In the end, his score of even par 144 was enough to secure him a second title and a sense of satisfaction that he was able to best a challenging layout – crafted by the same architects that designed Erin Hills, site of the 2017 U.S. Open – and an ever growing field of top competitors.
“It is difficult, and there are a lot of good senior players out there,” said Smith. “I wasn’t sure until the very end where we stood, and I knew somebody was going to out there and shoot a number so you had to grind away. You were going to make some bad swings, and you had to just try and make up for them. It is hard to win, and it makes you appreciate it even more.”
Making his victory even sweeter was the realization that Smith made as he was walking back towards the clubhouse on Tuesday afternoon.
His victory on this day guaranteed him an exemption into several MGA Championships in 2017, the most important being that into the 2017 Massachusetts Mid-Amateur Championship, which is being held at his home course of Franklin Country Club.
“This is great,” said Smith. “I was going to have to go through qualifying, and now I can play in that event at my home course.”
So after two long and grueling days, Smith finally enjoyed a moment of pure and thoroughly deserved satisfaction.
The winner of the Massachusetts Senior Amateur Championship is awarded the Frederick J. Wright, Jr. award.
Wright won an unprecedented seven Massachusetts Amateur Championship titles, including a streak of four victories in a row – a mark that will likely never be equaled. In addition to that, he won the Massachusetts Junior Amateur Championship twice and also earned his way into national acclaim – as part of the original U.S. Walker Cup team and as 1956 U.S. Senior Amateur Champion.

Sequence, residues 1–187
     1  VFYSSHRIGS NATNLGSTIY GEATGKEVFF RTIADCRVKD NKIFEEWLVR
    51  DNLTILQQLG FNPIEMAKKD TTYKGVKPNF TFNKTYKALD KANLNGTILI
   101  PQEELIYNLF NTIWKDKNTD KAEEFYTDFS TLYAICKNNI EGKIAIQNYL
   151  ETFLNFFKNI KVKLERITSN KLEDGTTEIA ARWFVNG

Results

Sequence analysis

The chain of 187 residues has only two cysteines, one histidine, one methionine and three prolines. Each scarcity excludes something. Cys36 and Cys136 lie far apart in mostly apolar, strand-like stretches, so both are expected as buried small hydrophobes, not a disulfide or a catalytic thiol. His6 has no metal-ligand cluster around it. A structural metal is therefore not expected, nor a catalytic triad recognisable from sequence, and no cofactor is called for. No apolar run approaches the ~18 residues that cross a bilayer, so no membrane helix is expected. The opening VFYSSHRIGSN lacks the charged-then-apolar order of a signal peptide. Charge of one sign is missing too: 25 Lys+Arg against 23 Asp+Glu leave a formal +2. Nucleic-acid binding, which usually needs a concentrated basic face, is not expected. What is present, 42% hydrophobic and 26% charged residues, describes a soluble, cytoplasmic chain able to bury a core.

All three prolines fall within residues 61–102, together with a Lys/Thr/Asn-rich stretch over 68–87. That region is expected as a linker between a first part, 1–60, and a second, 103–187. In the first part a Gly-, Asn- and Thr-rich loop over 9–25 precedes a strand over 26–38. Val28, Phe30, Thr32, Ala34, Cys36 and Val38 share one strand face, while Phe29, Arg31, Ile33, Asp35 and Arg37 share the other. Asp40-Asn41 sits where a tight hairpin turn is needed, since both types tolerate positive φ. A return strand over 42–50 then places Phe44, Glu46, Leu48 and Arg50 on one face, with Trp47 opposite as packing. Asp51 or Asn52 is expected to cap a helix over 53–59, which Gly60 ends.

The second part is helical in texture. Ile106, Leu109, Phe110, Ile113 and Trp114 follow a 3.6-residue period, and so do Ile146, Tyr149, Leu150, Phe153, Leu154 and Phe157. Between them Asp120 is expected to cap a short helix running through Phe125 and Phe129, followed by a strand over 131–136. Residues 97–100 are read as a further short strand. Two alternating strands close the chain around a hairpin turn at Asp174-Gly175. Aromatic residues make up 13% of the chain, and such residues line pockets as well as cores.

As proud as he was of his unprecedented domination of the Massachusetts Amateur Championship, including his lofty status as the only player to win over four successive years (no player has won more than two titles in a row since), he was equally proud to become the oldest finalist – at age 58 – in championship history in 1956.
An opponent once described Wright as 'eager for combat. His most persuasive attribute is his ability to play championship golf under the toughest kind of pressure.'
Wright was inducted into the Massachusetts Golf Hall of Fame last fall and was one of six members of the class of 2014.
A third class will be officially inducted into the Massachusetts Golf Hall of Fame on Thursday, October 13 at Andover Country Club. The 2016 class includes Bob Crowley, Bill Flynn, Joe Lazaro, Anne Marie Tobin, Frank Vana, Jr. and Herbert Warren Wind.
Information about the Massachusetts Golf Hall of Fame Gala can be found online at MassGolfHall.com.
Here is a rundown on course statistics from Tuesday, September 13.
Average Score: 78.973
Low Score: 71
High Score: 88
Total # of Eagles: 4
Total # of Birdies: 121
Total # of Bogeys: 415
Total # of Pars: 687
Hardest Hole: #5 (average score was 4.811)
Easiest Hole: #11 (average score was 5.149)
For complete coverage of the event, make sure to check the MGA’s website, www.mgalinks.org and follow us on social media (@mgalinks) and #MassSenior.